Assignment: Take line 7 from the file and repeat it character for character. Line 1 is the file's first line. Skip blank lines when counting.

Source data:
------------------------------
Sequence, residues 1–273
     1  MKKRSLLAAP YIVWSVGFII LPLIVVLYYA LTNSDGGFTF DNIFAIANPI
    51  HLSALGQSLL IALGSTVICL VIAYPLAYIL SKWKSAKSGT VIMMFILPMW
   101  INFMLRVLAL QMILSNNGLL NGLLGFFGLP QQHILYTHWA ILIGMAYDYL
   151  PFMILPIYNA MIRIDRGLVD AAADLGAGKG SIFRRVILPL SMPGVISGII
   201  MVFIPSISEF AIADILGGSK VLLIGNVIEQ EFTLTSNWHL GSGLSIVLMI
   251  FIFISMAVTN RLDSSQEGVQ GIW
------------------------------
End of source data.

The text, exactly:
   251  FIFISMAVTN RLDSSQEGVQ GIW